Americans spent more than $7.5billion on hot dogs and sausages, followed by chicken and steak.

Online grocery shopping is a game changer for consumers. The convenience it offers – from the expansive selection of goods to pick from to the delivery options provided – makes this one of the most popular ways to shop for groceries. And although some consumers prefer to shop online for their groceries, the in-store shopping experience can be just as rewarding. In addition, grocery stores are havens of the community. They provide us with places to meet people and interact with others, as well as help us make healthy decisions about food. Therefore, we must consider the benefits of blending these two communities into an omnichannel solution that provides the best experience for consumers.

Do you prefer shopping in-store or online? If in-store, what’s your favorite grocery store? Please share your insights with me on LinkedIn.

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Anjee Solanki

National Director, Retail Services & Practice Groups

San Francisco


In Anjee’s current role, as National Retail Director for the USA, she has developed strong relationships and strategic leadership to over 500 + retail professional nationally across 140 markets within Colliers for Investment Sales, Agency, Retailer Rep, and Retail Asset & Property Management.

Anjee Solanki brings 30 years of focused retail real estate experience to Colliers International.  She provides strategic retail advisory services to enhance value for her clients with her expertise in lifestyle, community, power center, neighborhood, mixed-use retail/residential, and resort retail.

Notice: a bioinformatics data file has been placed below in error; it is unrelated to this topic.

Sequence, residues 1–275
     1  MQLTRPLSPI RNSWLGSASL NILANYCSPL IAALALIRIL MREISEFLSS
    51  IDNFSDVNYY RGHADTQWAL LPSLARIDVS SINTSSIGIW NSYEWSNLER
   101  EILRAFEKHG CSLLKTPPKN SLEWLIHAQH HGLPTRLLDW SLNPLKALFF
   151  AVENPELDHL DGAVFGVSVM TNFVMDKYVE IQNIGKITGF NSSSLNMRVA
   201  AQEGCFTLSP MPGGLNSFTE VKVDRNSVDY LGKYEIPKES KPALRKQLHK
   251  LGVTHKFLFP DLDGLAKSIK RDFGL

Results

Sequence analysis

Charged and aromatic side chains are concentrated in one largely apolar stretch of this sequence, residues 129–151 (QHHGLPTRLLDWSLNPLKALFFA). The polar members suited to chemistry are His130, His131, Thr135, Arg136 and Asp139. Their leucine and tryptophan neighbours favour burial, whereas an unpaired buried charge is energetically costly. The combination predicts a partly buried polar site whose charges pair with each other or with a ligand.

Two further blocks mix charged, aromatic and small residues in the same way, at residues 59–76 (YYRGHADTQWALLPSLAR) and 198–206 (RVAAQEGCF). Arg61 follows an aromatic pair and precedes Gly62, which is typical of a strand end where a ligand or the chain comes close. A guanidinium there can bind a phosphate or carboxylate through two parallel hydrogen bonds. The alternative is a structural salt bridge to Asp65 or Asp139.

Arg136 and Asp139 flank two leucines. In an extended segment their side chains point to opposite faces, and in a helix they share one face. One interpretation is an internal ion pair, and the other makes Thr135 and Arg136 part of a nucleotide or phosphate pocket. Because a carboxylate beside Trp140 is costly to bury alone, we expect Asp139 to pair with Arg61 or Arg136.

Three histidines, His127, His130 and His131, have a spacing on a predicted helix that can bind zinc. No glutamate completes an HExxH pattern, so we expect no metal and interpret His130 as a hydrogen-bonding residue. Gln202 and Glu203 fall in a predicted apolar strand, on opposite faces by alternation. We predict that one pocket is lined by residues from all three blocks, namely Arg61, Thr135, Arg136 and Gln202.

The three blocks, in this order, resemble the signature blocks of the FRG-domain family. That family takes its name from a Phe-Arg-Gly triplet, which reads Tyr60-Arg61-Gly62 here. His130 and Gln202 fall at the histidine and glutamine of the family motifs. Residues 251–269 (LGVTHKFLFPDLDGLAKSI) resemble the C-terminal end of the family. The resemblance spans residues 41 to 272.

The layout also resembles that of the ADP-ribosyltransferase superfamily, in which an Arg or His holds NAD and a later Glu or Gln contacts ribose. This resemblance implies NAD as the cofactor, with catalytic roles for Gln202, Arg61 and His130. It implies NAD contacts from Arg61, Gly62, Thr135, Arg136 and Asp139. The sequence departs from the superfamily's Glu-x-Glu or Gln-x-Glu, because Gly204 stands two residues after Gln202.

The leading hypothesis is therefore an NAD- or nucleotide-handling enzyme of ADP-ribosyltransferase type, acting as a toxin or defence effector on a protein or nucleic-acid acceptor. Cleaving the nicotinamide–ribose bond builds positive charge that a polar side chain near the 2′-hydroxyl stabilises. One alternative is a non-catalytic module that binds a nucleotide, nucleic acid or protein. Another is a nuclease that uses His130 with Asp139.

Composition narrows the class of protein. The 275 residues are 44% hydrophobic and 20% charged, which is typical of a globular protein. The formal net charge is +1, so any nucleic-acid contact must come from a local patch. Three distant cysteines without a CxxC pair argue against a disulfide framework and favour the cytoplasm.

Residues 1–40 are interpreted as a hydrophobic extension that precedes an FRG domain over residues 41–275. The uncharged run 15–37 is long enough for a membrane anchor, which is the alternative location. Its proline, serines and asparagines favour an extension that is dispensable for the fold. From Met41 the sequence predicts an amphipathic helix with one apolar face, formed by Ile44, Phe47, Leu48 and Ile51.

She has developed and manages strong working relationships with institutional and private clients such as State of Florida, State of Michigan, Heitman, Invesco, Grosvenor Americas, American Realty Advisors, TH Realty, PNC, and Zurich to name a few.

Her strategy identifies current market and property inefficiencies to capture untapped value through asset repositioning, releasing, redevelopment, rehabilitation, proactive management, and enhanced marketing. 

Creative problem-solving is her specialty, and she becomes a key stakeholder with national and international retailers, such as JPMC, Opry City Stage/Ole Red and Tim Hortons, and many others. Her highly focused approach reduces the risk profile and provides clients with a thoughtful approach executing strategic multi-year planning initiatives. 


Previously, Anjee served as Executive Vice President, Retail Services for Madison Marquette. She successfully assisted with repositioning community centers to lifestyle projects and identified opportunities to create value, resulting in higher returns for her clients. She also provided strategic analysis on complex redevelopment projects to address both the asset’s financial stabilization and/or the client’s exit strategy


Anjee continues to be an insatiable collector of all things retail. She’s a student of culture living next door to future shoppers, whose fleeting trends constantly change the retail landscape … driving retailers, landlords and developers crazy! Read her Blog at: 


Anjee is originally from Southern California and currently resides in San Francisco.  She is active in the Rincon Hill neighborhood residential improvement group, which participates in the public review of the highly anticipated Salesforce Transit Center in San Francisco.